Neurotrophic tyrosine receptor kinase gene fusions (NTRK) are oncogenic drivers present at a low frequency in most tumour types (<5%), and at a higher frequency (>80%) in a small number of rare tumours (e.g., infantile fibrosarcoma [IFS]) and considered mutually exclusive with other common oncogenic drivers. Health Canada recently approved two tyrosine receptor kinase (TRK) inhibitors, larotrectinib (for adults and children) and entrectinib (for adults), for the treatment of solid tumours harbouring NTRK gene fusions. In Phase I/II trials, these TRK inhibitors have demonstrated promising overall response rates and tolerability in patients with TRK fusion cancer who have exhausted other treatment options. In these studies, children appear to have similar responses and tolerability to adults. In this report, we provide a Canadian consensus on when and how to test for NTRK gene fusions and when to consider treatment with a TRK inhibitor for pediatric patients with solid tumours. We focus on three pediatric tumour types: non-rhabdomyosarcoma soft tissue sarcoma/unspecified spindle cell tumours including IFS, differentiated thyroid carcinoma, and glioma. We also propose a tumour-agnostic consensus based on the probability of the tumour harbouring an NTRK gene fusion. For children with locally advanced or metastatic TRK fusion cancer who have either failed upfront therapy or lack satisfactory treatment options, TRK inhibitor therapy should be considered.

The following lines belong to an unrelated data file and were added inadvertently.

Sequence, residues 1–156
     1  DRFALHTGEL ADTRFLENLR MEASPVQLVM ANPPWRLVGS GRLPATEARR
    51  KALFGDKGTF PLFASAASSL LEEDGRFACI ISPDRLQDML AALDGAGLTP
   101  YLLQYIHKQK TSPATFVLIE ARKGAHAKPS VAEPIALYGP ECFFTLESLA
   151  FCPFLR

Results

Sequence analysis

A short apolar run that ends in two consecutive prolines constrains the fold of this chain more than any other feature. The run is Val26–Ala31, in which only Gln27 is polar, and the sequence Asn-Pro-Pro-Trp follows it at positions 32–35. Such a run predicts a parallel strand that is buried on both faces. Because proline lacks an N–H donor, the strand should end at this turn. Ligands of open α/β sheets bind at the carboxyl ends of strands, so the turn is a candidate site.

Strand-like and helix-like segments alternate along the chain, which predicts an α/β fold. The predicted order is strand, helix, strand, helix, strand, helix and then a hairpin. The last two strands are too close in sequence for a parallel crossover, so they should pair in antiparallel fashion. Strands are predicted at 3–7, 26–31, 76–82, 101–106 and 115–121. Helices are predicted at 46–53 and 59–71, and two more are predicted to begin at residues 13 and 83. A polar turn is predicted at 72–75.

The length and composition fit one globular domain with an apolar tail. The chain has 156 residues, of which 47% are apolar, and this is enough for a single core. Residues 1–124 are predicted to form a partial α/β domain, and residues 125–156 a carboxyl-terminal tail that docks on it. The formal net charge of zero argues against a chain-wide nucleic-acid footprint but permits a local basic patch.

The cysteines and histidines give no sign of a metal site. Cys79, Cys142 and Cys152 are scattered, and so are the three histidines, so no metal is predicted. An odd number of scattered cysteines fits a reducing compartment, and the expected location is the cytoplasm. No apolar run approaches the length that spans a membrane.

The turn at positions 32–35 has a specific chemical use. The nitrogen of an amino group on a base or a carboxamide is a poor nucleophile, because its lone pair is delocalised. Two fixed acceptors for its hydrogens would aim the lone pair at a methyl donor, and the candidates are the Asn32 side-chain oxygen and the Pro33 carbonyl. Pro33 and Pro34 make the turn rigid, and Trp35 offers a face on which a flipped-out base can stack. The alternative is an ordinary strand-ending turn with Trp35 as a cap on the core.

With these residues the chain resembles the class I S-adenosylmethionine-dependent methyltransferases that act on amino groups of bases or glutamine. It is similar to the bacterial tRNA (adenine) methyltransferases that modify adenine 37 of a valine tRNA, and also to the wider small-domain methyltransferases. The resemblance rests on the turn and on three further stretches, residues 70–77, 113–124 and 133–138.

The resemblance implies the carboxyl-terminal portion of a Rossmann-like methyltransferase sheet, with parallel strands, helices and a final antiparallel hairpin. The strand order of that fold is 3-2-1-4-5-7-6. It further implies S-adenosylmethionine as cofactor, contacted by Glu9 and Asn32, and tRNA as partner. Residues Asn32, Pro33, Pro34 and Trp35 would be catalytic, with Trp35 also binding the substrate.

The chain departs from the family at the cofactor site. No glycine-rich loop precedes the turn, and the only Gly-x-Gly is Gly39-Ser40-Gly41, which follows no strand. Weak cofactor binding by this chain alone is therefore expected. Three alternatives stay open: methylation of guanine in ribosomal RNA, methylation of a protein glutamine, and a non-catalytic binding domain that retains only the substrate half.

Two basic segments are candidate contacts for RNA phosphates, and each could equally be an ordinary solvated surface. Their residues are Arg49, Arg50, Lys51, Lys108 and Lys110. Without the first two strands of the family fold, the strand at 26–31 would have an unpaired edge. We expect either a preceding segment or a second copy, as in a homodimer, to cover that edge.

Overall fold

Keywords: NTRK; TRK fusion; entrectinib; larotrectinib; molecular testing; oncogenic drivers; targeted therapy; tumour-agnostic.